Keshena Man Indicted for Aggravated Assault and Domestic Violence Offenses on the Menominee Indian Reservation
Gregory J. Haanstad, United States Attorney for the Eastern District of Wisconsin, announced that on December 14, 2017, Manish Patel (age: 26) was sentenced to 38 months imprisonment, and ordered to pay $1,101,901.61 in restitution for committing wire fraud in violation of Title 18, United States Code, Section 1343. Additionally, Nikita Shukla (age: 26) was sentenced to one year and one day imprisonment, and ordered to pay $149,531.28 in restitution for committing wire fraud in violation of Title 18, United States Code, Section 1343.
According to the plea agreements and other court documents, unknown members of the scheme located in India called victims and made material misrepresentations to them, which caused the victims to send a MoneyGram, which is an electronic, interstate transfer of money to a specific location and to a specific, fictitious name. One misrepresentation that the callers made was that they were from the Department of Homeland Security’s United States Citizenship and Immigration Services, and that the individuals (legal immigrants) had to pay for new passports or other items in order to avoid being sent to jail or deported. The caller would then instruct the victim to send a MoneyGram for a certain amount of money to a specific location and to a specific, fictitious name. The callers made numerous other misrepresentations to the many victims of this scam.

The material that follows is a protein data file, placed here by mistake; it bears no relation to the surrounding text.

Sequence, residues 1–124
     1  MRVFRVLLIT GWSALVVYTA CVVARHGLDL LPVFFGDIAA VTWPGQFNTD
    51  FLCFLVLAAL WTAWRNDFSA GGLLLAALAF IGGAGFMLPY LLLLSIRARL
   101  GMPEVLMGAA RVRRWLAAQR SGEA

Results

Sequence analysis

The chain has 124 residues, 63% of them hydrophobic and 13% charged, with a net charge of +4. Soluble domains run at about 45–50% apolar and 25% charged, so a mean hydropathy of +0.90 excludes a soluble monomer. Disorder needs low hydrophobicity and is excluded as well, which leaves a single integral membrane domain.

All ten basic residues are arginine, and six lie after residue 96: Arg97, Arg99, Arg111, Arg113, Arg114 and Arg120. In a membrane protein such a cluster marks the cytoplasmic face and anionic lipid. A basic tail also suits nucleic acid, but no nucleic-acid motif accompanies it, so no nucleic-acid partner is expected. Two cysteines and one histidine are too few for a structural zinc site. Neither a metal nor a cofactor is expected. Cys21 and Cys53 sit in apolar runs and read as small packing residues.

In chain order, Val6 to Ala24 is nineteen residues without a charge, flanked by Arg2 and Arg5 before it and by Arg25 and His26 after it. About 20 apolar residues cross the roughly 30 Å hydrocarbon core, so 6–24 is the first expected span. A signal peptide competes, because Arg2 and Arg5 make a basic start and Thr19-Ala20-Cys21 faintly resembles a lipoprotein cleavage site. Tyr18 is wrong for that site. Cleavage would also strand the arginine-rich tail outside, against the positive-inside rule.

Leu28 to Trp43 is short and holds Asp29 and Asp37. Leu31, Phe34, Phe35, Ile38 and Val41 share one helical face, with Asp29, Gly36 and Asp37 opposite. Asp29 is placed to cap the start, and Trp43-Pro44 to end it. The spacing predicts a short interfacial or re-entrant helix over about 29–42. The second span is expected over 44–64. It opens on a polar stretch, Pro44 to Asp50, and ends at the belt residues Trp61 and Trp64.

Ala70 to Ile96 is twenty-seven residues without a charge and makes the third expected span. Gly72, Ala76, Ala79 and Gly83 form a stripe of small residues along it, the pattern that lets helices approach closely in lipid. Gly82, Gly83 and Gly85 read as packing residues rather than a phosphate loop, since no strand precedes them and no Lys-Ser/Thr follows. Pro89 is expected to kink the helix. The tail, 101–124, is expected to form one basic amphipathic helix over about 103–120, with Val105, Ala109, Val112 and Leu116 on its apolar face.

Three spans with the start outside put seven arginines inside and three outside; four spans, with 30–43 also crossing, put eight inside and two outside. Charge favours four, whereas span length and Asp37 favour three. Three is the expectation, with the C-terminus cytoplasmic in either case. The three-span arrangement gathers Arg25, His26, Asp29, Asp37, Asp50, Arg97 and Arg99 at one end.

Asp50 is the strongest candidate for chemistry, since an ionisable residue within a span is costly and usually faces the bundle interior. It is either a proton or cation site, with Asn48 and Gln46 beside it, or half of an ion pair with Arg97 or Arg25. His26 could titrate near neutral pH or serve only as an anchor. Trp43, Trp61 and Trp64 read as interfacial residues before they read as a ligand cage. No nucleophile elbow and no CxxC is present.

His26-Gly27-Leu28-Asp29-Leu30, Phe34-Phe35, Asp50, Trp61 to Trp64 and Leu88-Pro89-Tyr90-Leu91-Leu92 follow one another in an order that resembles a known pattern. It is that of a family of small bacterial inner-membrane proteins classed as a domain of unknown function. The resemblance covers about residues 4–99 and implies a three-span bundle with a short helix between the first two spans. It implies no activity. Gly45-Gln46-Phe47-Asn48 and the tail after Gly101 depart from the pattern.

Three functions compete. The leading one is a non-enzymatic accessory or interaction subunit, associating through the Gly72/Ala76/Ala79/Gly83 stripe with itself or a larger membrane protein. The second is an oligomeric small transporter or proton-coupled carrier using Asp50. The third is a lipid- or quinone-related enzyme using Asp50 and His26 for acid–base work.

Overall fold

Manish Patel and others possessed fraudulent driver’s licenses that included the fictitious names of the MoneyGram recipients, but contained a photo of themselves. They used these fraudulent driver’s licenses to pick up MoneyGrams throughout the country. Patel frequently picked up several MoneyGrams a day from various locations using fraudulent driver’s licenses. For at least part of the scheme, Nikita Shukla drove Manish Patel throughout the country, including in the Eastern District of Wisconsin. Patel and Shukla were allowed to keep a certain percentage of fraud proceeds, but then deposited the remaining cash into various bank accounts or handed the cash off to unknown individuals.
Using 134 different fraudulent identifications, Patel picked up $1,101,901.61 in fraud proceeds in 1,081 transactions, from 780 victims from September 28, 2016 through May 10, 2017. Shukla aided and abetted by driving Patel to pick up $149,531.28 in fraud proceeds from 100 victims. When they were arrested in the Eastern District of Wisconsin, Patel and Shukla possessed 147 fraudulent driver’s licenses with fake names and Patel’s photo in them. Law enforcement also found $21,672 in cash in the car.
The case was investigated by the Greenfield Police Department, the United States Secret Service Financial Crimes Unit, and the U.S. Department of Homeland Security, Office of Inspector General, Digital Forensics and Analysis Unit. The case was prosecuted by Assistant United States Attorney Zachary Corey.
The public should be aware that neither the Department of Homeland Security nor the Internal Revenue Service (or any other federal government agency) will ever ask you to pay money to them via MoneyGram, RIA, Western Union, or especially iTunes or Steam (online gaming) gift cards.
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For Additional Information Contact:
Public Information Officer Dean Puschnig 414-297-1700